Sir Keir Starmer has refused to commit to his leadership election pledge to abolish the House of Lords.
In his usual weasley worded fashion, much favoured by the barrister he is, Sir Keir Starmer moved from his pledge made in his Leadership election campaign to abolish the hose of Lords to now. reviewing and changing that undemocratic house.
Asked on Sunday whether he stood by the promise made in 2019, the Labour leader would only say the institution “needs change”.
But during his leadership campaign, Sir Keir Starmer made 10 pledges – including a commitment to “abolish the House of Lords” and “replace it with an elected chamber of regions and nations”.
Asked about the policy on the BBC’s Andrew Marr Show in light of reports that the Conservative Party has been offering peerages to wealthy benefactors as a “reward” for large donations.
“We certainly need change in the House of Lords. What I’ve done, Andrew, is I’ve set up a commission to look at the future of the UK, including the institutions such as the House of Lords. Gordon Brown is leading that and I’ll look at it,” he said.
When asked if he had abandoned the promise to abolish the chamber which votes on all government legislation, he said: “I’ve said we need to change the House of Lords – I stand by that. I’ve asked Gordon Brown to look into exactly what those changes should be.”
The pledge to abolish the House of Lords is not the first to be abandoned by Sir Keir Starmer after winning the Labour leadership election.
The former shadow Brexit secretary laid out a platform similar to the party’s 2017 manifesto during the election – including commitments to bring utilities into public ownership and introduce tax increases for the highest earners and corporations.
Asked on the same programme whether he had ditched a Labour manifesto promise of banning MPs from holding second jobs, Starmer said he agreed with the “principle” of the plan but avoided saying he still endorsed it.
Starmer goes full Tory: Labour would not nationalise big six energy firms
Instead, he said Labour would advocate nationalisation only when it would deliver improved value and services for taxpayers.
“When it comes to common ownership, I’m pragmatic about it,” he said. “Let me spell it out. What that means is that where common ownership is value for money for the taxpayer and delivers a better service, then I’m in favour of common ownership.”
During his Labour leadership campaign, one of Starmer’s 10 key pledges was that “public services should be in public hands, not making profits for shareholders. Support common ownership of rail, mail, energy and water.”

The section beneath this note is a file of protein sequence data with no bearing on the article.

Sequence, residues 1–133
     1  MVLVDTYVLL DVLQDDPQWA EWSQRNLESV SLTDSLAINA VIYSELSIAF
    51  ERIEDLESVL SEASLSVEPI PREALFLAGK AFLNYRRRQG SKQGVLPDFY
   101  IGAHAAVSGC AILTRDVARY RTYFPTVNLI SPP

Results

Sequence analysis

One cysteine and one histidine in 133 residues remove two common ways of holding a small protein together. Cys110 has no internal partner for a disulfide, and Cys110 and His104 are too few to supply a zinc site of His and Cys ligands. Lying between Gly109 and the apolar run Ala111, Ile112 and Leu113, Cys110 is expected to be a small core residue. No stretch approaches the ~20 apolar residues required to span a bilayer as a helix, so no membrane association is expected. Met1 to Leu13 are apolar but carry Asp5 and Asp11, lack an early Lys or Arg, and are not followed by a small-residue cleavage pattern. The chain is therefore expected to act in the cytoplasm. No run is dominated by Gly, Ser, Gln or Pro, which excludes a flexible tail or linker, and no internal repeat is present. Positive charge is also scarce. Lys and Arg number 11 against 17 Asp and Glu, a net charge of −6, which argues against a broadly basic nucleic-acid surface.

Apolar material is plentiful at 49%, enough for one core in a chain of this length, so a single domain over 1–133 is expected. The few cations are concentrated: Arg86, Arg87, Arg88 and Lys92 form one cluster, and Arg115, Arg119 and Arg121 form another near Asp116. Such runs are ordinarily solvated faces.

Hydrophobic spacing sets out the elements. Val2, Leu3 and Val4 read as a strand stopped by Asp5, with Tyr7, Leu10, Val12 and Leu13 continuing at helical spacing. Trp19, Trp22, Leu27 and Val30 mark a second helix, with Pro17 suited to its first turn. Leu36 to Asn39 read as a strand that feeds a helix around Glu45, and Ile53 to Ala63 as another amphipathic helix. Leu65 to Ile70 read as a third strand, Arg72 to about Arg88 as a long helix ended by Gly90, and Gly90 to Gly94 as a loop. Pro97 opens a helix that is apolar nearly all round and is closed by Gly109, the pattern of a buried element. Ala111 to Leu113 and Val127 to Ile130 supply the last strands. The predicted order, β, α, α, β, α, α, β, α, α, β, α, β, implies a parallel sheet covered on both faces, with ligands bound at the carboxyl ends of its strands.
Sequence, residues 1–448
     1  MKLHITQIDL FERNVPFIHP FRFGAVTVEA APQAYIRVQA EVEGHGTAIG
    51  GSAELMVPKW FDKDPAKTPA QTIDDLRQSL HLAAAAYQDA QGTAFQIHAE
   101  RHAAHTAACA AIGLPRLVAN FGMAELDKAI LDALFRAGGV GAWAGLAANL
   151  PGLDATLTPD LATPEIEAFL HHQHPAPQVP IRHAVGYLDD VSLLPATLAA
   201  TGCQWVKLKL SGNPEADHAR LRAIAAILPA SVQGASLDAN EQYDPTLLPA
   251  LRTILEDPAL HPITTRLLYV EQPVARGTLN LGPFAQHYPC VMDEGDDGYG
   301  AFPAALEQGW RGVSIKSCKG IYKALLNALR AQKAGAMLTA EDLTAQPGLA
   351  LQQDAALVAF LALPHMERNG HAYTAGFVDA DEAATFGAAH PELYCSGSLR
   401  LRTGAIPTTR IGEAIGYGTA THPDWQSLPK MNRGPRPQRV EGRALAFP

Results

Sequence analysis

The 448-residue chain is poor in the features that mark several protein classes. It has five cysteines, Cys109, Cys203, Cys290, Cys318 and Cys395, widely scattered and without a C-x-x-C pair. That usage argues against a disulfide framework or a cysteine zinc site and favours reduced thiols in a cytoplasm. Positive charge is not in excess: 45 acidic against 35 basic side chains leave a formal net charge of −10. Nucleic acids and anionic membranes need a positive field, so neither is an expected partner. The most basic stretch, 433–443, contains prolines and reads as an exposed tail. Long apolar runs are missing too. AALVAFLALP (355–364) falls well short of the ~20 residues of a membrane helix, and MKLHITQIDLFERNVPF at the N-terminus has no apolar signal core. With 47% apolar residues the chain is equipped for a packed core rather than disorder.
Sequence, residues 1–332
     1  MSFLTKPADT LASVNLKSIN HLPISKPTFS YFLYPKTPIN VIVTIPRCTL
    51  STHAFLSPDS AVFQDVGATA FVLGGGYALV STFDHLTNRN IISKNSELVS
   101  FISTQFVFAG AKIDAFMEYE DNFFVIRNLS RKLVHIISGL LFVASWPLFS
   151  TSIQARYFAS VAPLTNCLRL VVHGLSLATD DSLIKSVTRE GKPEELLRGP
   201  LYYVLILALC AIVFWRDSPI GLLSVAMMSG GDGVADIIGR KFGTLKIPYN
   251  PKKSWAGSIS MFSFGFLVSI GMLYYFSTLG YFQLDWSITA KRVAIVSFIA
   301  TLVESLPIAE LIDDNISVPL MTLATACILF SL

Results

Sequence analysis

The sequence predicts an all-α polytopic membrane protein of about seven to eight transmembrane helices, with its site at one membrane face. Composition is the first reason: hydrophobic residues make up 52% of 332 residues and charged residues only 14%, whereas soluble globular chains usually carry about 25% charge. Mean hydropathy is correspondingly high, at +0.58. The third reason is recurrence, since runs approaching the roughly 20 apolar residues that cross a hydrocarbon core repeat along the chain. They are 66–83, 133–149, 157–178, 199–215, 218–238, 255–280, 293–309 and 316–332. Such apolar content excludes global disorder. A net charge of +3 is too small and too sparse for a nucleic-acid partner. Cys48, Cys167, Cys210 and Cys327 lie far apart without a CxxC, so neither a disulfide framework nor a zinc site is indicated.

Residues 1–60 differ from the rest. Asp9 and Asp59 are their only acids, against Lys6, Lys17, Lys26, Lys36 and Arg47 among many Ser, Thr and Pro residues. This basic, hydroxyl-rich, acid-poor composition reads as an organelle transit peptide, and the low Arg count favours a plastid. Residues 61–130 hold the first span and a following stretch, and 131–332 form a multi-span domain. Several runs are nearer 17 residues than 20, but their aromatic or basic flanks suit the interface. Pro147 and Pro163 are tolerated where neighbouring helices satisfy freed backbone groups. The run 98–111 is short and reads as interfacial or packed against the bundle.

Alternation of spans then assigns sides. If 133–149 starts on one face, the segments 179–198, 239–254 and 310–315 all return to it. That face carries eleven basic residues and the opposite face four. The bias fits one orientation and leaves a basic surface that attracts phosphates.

The shadow business secretary, Ed Miliband, suggested on Newsnight earlier in the week that the party was about to renew its commitment to common ownership of energy and other public resources.
“We haven’t changed that commitment,” Miliband said. “If we’re going to make this green transition, then public ownership is the right way to go.”
“Wait for the conference, but Keir Starmer said in his leadership campaign he was in favour of public ownership in those areas. We haven’t changed that commitment,”
He added: “If we’re going to make this green transition, then public ownership is the right way to go. We don’t resile from those commitments.”
Obviously, Starmer does not agree with the former Labour leader Ed Miliband or the 2019 manifesto he stood on to be elected let alone his personal pledge of public ownership where he appeared to ditch his 2020 leadership pledge to “support common ownership of rail, mail, energy and water”.
He was shown one of his 10 pledges during his leadership election which said “public services should be in public hands, not making profits for shareholders. Support common ownership of rail, mail, energy and water”.
“I don’t see nationalisation there,” he said.
“When it comes to common ownership I’m pragmatic about this. I do not agree with the argument that says we must be ideological.”
But he did not say what form common ownership would take if it was not nationalisation.
“I’d be pragmatic about it, and where common ownership is value for money for the taxpayer and delivers better services then there should be common ownership,” he added.
Starmer is again out of tune with members and voters.
Public ownership of gas and electricity was always a cherished aim of the Labour Party. For years under privatisation, the swindling of the consumer has gone hand-in-hand with outrageous profit-taking by the corporate giants, to the loss of the public purse. Far from helping customers through keen competition, the main effect of energy privatisation has been – like austerity – a redistribution of wealth from the have-nots to the well-to-do.
What a pity, therefore, that Labour will no longer make this an aim of the party, it will continue to allow monopoly capitalism to stamp its heel on the most vulnerable with every price hike.